With Canon already having set the industry alight with its grab for the 8K high-ground, Phil Rhodes gazes into the depths of his crystal ball to see what news IBC2015 might have hiding up its sleeve.
The received wisdom of the film and television industry is that NAB is the biggest show where all the biggest announcements are made. Last year, though, Blackmagic announced their acquisition of the Fusion compositing package at IBC; it was also an early opportunity for hands-on with the JVC GY-LS300 and Panasonic announced shipping details for the Varicam 35.
This underscores two things: first, people tend to announce things at one trade show and release at the next, which stands as far warning to anyone who starts hyperventilating at the thought that a recent purchase is about to stop being the latest thing. The second thing is easily understood by a simple thought experiment: if you were a company, particularly a small company with a new product that could disturb the marketplace, would you really release in Vegas, against the vast promotional budgets of the big players?
That's no prediction, of course, but nonetheless we shouldn’t be surprised if something really interesting does pop up. The Fusion announcement, for instance, was as unprecedented as anything could be from Blackmagic, whose precedent for being unprecedented is now well-established, if you see what we mean.. Sony has already teased a new FS camera, and if it's as good as the FS7, that's no bad thing, marketplace congestion notwithstanding. Even so, much as cameras are, as described to me by one prominent first assistant cameraman, the centrepiece of the process, there are other fields in which simply making a good product cheaper would raise eyebrows. Reasonable-quality lighting, for instance, is currently still expensive, with the high power density of HMI unchallenged in its field and LED becoming progressively more competent, especially at 100 watts and below. There's nothing so outrageously complicated about an HMI that means it has to be as expensive as they are, unless you need the enormous build quality of Arri. One day, someone will show an affordable HMI at a major expo – or at least, I've been saying that for years, and I'm going to keep saying it until it happens.
Still, progress doesn't just have to mean greater cost-effectiveness, welcome though that is. The suit-wearing side of the industry seems to have decided that virtual reality is the next big thing, or at least the next thing they're going to try and make big. This sort of thing would be easier to take if there was any admission of the problems of transmitting spherical video to people at worthwhile resolution, which are many, or if there were many genuinely interesting ideas about content, which are few. Even so, expect to see lots of headsets on display, as well as an even more muscular presence from people like Nvidia, whose powerful position in the world of general-purpose computing on graphics cards can only be enhanced by the demands of real-time rendering for the combined game-movie hybrids that were proposed at Siggraph.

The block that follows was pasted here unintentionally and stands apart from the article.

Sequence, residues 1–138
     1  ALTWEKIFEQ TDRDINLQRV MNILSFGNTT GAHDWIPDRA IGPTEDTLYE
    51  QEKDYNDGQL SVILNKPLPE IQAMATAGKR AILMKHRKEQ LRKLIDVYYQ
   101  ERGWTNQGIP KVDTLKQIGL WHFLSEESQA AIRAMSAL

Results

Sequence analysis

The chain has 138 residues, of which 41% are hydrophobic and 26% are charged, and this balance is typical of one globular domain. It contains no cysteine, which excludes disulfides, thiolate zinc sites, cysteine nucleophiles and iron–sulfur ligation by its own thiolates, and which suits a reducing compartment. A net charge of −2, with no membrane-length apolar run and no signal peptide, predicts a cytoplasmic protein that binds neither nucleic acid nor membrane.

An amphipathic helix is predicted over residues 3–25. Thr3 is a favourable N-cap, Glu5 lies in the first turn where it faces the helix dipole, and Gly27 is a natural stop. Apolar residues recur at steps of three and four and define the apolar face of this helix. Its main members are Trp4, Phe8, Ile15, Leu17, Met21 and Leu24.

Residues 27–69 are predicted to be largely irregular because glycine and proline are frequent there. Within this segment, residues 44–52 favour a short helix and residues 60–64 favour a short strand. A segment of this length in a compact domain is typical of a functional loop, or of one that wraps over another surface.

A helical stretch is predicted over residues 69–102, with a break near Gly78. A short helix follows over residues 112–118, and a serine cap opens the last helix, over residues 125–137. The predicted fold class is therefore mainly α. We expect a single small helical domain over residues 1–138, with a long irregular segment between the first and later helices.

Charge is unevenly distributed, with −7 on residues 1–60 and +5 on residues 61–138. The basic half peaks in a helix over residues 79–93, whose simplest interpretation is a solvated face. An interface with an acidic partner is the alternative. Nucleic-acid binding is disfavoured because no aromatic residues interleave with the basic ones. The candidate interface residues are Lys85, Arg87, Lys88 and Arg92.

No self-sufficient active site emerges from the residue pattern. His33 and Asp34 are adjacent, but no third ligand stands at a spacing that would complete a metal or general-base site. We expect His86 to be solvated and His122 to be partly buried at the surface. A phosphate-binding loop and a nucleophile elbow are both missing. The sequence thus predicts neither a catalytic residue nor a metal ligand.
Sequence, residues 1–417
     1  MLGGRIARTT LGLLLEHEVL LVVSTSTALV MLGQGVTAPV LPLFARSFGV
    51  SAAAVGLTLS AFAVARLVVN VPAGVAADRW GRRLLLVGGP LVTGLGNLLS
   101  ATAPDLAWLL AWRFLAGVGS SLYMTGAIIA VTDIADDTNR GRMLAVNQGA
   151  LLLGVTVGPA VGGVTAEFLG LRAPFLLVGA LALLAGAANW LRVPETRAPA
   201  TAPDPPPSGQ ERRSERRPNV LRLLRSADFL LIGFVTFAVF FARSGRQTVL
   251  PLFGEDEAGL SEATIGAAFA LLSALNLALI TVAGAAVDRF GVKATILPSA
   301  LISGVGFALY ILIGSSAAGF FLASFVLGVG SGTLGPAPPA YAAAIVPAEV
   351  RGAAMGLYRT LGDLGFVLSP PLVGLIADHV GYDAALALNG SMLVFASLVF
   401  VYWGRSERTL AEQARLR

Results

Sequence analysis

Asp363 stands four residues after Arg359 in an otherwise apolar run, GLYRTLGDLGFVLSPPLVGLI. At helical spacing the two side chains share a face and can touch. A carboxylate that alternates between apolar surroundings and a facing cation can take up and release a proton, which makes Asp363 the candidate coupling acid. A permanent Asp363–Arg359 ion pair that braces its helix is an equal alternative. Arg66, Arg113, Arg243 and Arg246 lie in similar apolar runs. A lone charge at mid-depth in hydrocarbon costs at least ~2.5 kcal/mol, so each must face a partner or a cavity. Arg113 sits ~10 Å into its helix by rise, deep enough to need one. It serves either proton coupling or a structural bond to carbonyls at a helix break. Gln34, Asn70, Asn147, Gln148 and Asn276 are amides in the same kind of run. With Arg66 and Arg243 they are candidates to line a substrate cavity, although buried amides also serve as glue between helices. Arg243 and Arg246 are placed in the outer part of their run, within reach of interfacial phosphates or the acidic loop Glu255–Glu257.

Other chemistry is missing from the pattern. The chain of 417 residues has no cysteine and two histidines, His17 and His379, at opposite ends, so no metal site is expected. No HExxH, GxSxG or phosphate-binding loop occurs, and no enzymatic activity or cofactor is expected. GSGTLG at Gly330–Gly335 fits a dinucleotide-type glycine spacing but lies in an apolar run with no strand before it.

If VR manages to avoid the pitfalls of 3D – and bearing in mind it shares a lot of the same technological and production concerns – it could be quite interesting, although it's another matter as to whether it is in competition with conventional, silver-screen filmmaking for more than people's discretionary spending.
As the world begins to realise that “the cloud” is an interesting new way to sell “the internet”, we might be thankful to discover internet-dependent features on cameras and post production devices moving out of the headlines and into the conventional specification list, which is probably where they belong. Certainly JVC has done some fantastic work with live streaming and the features of the Sony PXW-X180 have application to those willing to go through the process of setting them up. It's hardly dangerous to assume that this sort of thing is likely to spread, but it should become more run-of-the-mill from this point on. After all, Forbidden Technologies have been doing it very ably with Forscene for a lot longer than the word “cloud” has been fashionable. When was the first “cloud email” service launched? Probably the mid-nineties. Let's get over this, shall we?
The other maelstrom of hype that should, with luck, be integrating with the mainstream is the world of drones: it's now tightly-enough regulated that it's really quite difficult to do professionally in many countries, and the vehicles themselves are relatively easy to make because all of the high-precision work is in the software. The combination of regulation and equipment makes it expensive enough to preclude all but the sort of people who could have afforded a helicopter, or at least a very big crane, in any case. Again, though there's likely to be some whirring noises at IBC this year, let's not get too excited by heavier-than-air flight. As the miniature-helicopter people of a few years ago will tell you, drones are really nothing new, either.
VR, then, is probably the growth area. Unfortunately, while we'll be able to confirm that in a week or so, working out whether it has long-term viability will probably require the next three to five years.